We were on a mountain in Petit Jean state park. Jean was the name of a traveler who had died and been buried at the top of the mountain. Make of it what you will, but I could have kissed Whitney and her allergies for the fact that we were making this discovery in a hotel room in Alabama rather than in a remote teepee on the top of that mountain. (sorry, no J pictures for now. They’re Laura’s.)

Well: Done Celebration Nashville 5/10

This show was one of those last-minute flukes that just sort of works. I was already planning a trip to Tulsa, and I was carpooling with friends in Tennessee, so when Hanson plans to be where I am already going to be at the same time I'm going to be there, who am I to say no?

It wasn't just a Hanson concert though, and I would have been disappointed if I had gone into it with that sort of expectation. Instead, it was a celebration of a vision, a passion, and an accomplishment after countless people joined together to contribute to the building of 1,000 wells. Hanson was just one of many guests including Jars of Clay, Derek Webb, Sandra McCracken, and Eric Wainaina to name a few. Each performed a short set and spoke a bit about the inspiration behind building the wells, encouraging audience members to get involved and thanking them for doing their part. I enjoyed all of the performances, but I was especially moved by Jars of Clay's performance. They were full of passion and had a bit of a spiritual theme going which I loved. One song in particular stood out to me at the time (I think it was called "Oh My God"?). I'll definitely have to check out more of their music

Eric Wainaina was last and definitely an interesting performer. He is from Kenya and brought a full band including a backup singer that doubled as a backup dancer, so it was a completely different style of music than I'm used to. I loved watching the dancing, and got a huge kick when he had the audience play imaginary violins (not so much when he pointed right at me and my friend for not doing it along with them, but we were two of about 4 people in our entire section, and it felt weirdly exposed).

Hanson went on before Jars of Clay and gave a brief explanation about their walks and how they contributed to building a well through They played a short set of songs that related to the celebration at hand, and their voices blended together as well as ever.

1. Carry You There
2. Waiting For This
3. This Time Around
4. Great Divide

It was definitely more laid back than your average Hanson show, and everyone stayed seated with the exception of two girls I saw who were on their feet and jumping around the whole time. It didn't really seem like the right time and place for that, but to each his own. The guy that introduced them to the stage mentioned that their new single "Give it a Little" had reached number one on the VH1 countdown, and I couldn't help but giggle a little at the new title, especially after the mock GAL tee was misspelled just days before. Who knew those three words were so difficult?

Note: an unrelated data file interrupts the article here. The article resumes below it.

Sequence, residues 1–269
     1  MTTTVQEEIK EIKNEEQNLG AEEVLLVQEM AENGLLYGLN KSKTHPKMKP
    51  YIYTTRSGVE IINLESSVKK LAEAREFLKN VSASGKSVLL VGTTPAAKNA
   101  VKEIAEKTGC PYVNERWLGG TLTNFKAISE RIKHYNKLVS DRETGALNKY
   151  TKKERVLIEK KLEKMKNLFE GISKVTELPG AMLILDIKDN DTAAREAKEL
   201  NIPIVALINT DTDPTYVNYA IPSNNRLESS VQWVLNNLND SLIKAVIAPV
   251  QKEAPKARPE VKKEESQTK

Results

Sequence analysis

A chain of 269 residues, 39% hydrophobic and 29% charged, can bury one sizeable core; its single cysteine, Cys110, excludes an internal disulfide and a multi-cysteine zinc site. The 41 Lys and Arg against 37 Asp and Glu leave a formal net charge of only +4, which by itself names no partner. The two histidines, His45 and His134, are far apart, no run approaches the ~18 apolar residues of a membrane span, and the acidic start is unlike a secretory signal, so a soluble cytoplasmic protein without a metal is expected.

At the end of the show, all of the artists came back out and sang along to Jars of Clay's "The Shelter." I've never seen a stage so packed full of performers in my life; everyone was shoulder to shoulder and there were a few behind others. Everyone on stage and the audience sang along repeating "In the shelter of each other, we will live, we will live," and it was a fantastic moment to be a part of. I felt like we were supposed to all link arms and sway or something, and I mean that in the most complimentary way possible. It was just a good, tangible moment of solidarity between everyone on stage and in the audience, and the whole thing was about so much more than just Hanson. It felt like a true celebration of unity and a job well done.

After the show, some of the girls I was with wanted to wait outside to try to meet Hanson. There wasn't really a designated area to do this, so it got chaotic fast with everyone crammed onto the sidewalk to stay out of the way of traffic in the parking lot. There were lots of people in a small space, so I tried to hang back and out of the way with no intention of pushing towards a Hanson. I watched from a distance as the guys came out and Taylor addressed the crowd as someone immediately asked for a picture. He politely said that they would only be doing autographs, and I watched as his polite smile revealed the briefest flicker of annoyance as the girl he had declined shoved her face next to his anyway and a flash went off. I was angry for him, but he simply smiled and continued to sign for the mass around him. At one point Isaac headed straight towards where I was standing away from the crowd and said "Sorry, guys!" as he made his escape. I stepped aside to let him pass and absentmindedly echoed back, "Sorry, Isaac!" as if the crowd was my fault.

I ended up holding a friend's camera to take pictures for her and got my program signed by Taylor and Zac along the way. I told Zac how much I loved the final group performance and that I would see him in Tulsa, and he promised that it would be a good show and worth the trip (side note: it was).